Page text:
I’m not teaching my sons that “no means no,” and you shouldn’t either.
I get this is shocking, but hear me out. I’m not teaching my sons that no means no, because it implies that everything else means yes, and that unless a person explicitly says no, sexual advances are fair game.
Does it sound like I am grasping at straws here and not giving people enough credit? I wish that were the case, but something happened yesterday that solidified in my mind the need to ditch “no means no.”
Aziz Ansari was accused of sexual misconduct.
At this point, accusations of predatory sexual behaviour against men in Hollywood are not super surprising. By and large, I have not been shocked by any of the names that have come across my computer screen.
But last night, I opened Twitter and saw “Aziz Ansari accused of sexual misconduct” and I audibly gasped. Aziz has not only been one of my favourite artists for some time, but I have admired his outspokenness on feminism and his support for women’s rights. I have always seen him as a champion of our cause, and this broke my heart.
The initial comments I read seemed to imply that the accusations were a blatant example of false victimhood. I’m cautious about victim-blaming, but I desperately wanted this accusation to be untrue, so I read his accuser’s story, hoping to see the obvious falsehood that others saw.
I saw a story that was not a cut and dry sexual assault case, but it was far from okay.
“Grace,” his accuser, recounted meeting Aziz at a party, giving him her number, and later meeting up for a date that ended with returning to Aziz’s apartment.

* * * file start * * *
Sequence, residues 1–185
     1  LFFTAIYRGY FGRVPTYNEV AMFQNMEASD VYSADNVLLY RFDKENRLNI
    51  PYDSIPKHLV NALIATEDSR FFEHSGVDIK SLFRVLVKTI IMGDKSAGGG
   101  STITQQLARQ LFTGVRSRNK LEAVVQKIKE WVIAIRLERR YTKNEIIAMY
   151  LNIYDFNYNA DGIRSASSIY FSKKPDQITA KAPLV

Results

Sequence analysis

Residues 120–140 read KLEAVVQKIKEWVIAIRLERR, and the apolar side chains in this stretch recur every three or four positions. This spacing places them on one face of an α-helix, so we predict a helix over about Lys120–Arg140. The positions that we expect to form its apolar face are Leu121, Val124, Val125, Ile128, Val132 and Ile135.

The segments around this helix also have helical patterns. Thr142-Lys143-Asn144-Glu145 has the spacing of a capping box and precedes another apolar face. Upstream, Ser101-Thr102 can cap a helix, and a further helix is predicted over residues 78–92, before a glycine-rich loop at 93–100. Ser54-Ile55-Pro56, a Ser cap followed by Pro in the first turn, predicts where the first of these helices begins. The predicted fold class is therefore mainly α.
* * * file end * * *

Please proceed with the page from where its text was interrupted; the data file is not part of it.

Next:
Aziz quickly initiated sexual activities with Grace, placing her on the kitchen counter, and advancing quickly into sexual acts. Grace voiced her discomfort with how quickly things were moving and requested they chill a little. Aziz performed oral sex on her and requested the same in return. Grace briefly complied.
Grace stated that as Aziz attempted to progress sexually, she gave him non-verbal clues she was not into it, such as moving her hand away when he repeatedly tried to place it on his genitals, and turning “cold” by stopping moving her lips.
She indicated verbally that she was not enjoying the sexual activities as well. When Aziz asked her where she wanted to have sex, she said, “Next time,” and Aziz asked her, “If I poured you another glass of wine right now, would it count as our second date?” Grace excused herself to the bathroom. When she returned, Aziz asked her if she was okay, and she told him she didn’t want to feel forced. At first, Aziz was understanding and acknowledged they both needed to be into it, suggesting they just chill on the couch.
Though initially comforted by this response, Grace was put on the spot again when Aziz pointed to his genitals and motioned for her to provide him with oral sex again. Feeling pressured, Grace complied. Several more times, Grace indicated she was uncomfortable and wanted to slow down, Aziz seemed to understand, and then aggressively pursued sexual acts again. Grace left, feeling pressured and violated. In a text, she later told him again how uncomfortable she had been. Aziz texted back that he had misread the situation and was truly sorry. Grace’s full story can be found here.